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The defense budget is the hardest budget to analyze. It contains shekels, dollars and other currencies, items with and without value-added tax. There are baseline figures, one-time expenditures and money for special events such as Operation Defensive Shield, preparations for the war in Iraq or construction of the separation fence. Furthermore, some of the data is not publicized. Thus both the Finance and Defense ministries, can use different calculations and make contradictory, confusing claims.

The army views its shekel budget for 2003 (excluding American aid) as the basis for discussions - a sum of NIS 36.5 billion. The treasury is looking at the baseline budget, without one-time expenditures, and that sum is NIS 33.6 billion.

Thus when the treasury speaks of a NIS 3 billion cut, it means a 2004 budget of NIS 30.6 billion. The army, in contrast, is willing to go no lower than NIS 35 billion.

Yesterday, Prime Minister Ariel Sharon decided that the 2004 defense budget would be NIS 32.85 billion, midway between these two competing figures. From the army's perspective, this is a cut of NIS 3.65 billion. But from the treasury's perspective, it is a cut of only NIS 0.75 billion.

Defense Minister Shaul Mofaz hastened to employ the army's well-known tactic of fear-mongering: He announced that the cut would put Israel at "unreasonable risk" - and who wants to be at risk?

Minister in the Finance Ministry Meir Sheetrit quickly countered by threatening further cuts in education, health and welfare, saying there was no other way to make up the NIS 2.25 billion shortfall left by Sharon's decision.

From a political standpoint, Sharon is not trying to damage Finance Minister Benjamin Netanyahu. He has overall given Netanyahu a free hand with the economy, lest he be accused of torpedoing his rival. But there are a handful of issues that are dear to Sharon's heart: the defense budget, water prices for farmers, foreign workers for agriculture and land policy.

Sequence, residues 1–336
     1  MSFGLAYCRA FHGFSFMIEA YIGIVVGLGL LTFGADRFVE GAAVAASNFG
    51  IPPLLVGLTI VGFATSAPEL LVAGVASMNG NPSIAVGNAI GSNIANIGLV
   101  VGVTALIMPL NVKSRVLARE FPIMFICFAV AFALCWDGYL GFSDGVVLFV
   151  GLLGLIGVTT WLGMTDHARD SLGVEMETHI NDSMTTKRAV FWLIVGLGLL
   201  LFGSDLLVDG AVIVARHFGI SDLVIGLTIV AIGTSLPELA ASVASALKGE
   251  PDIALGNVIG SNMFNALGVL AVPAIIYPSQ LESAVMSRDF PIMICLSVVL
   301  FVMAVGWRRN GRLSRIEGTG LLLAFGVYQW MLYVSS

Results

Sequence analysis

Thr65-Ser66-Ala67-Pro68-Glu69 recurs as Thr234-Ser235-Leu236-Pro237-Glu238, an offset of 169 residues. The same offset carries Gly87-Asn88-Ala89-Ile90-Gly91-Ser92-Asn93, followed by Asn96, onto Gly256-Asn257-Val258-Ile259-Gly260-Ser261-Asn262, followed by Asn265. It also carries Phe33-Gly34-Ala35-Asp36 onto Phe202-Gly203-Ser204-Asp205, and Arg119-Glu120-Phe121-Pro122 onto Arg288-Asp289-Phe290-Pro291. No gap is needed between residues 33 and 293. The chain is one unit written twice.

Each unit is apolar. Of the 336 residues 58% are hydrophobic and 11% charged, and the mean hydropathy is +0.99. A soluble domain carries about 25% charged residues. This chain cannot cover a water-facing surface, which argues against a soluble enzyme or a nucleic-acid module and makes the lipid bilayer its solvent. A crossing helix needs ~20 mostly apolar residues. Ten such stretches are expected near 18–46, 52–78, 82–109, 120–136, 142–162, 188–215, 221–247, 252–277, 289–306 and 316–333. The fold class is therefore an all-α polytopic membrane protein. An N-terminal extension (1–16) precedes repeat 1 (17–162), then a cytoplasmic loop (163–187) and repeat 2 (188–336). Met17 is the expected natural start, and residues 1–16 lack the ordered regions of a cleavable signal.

In truth, the defense budget is the only budget that has grown in recent years; all others have been cut. From 1996 through 2000, the shekel portion of the defense budget totaled NIS 34 billion; since then, thanks to the intifada, it has grown to NIS 36.5 billion. Now, it is starting to come down again.

The defense establishment understands that the army must cut costs - among other methods, by reducing its size and by paring pensions and benefits for career officers. Deputy Chief of Staff Gaby Ashkenazy has been working on this project for some time, but it is now clear that he will have to cut more than he had planned.

Every year, the current chief of staff has pulled a new security threat out of his hat to stave off cuts in the defense budget. Last year, it was Saddam Hussein and the threat of chemical warheads. This year, however, Chief of Staff Moshe Ya'alon has a problem, because the eastern front has collapsed. There is no Saddam. The Syrian army is rusting. The United States is sitting in the heart of the Arab world. In short, the threat of a ground war has greatly diminished. That is why yesterday, Mofaz mentioned the Iranian threat, and army officers will soon begin talking of the threat of missiles and nonconventional weapons. After all, the battle over the defense budget is not over yet.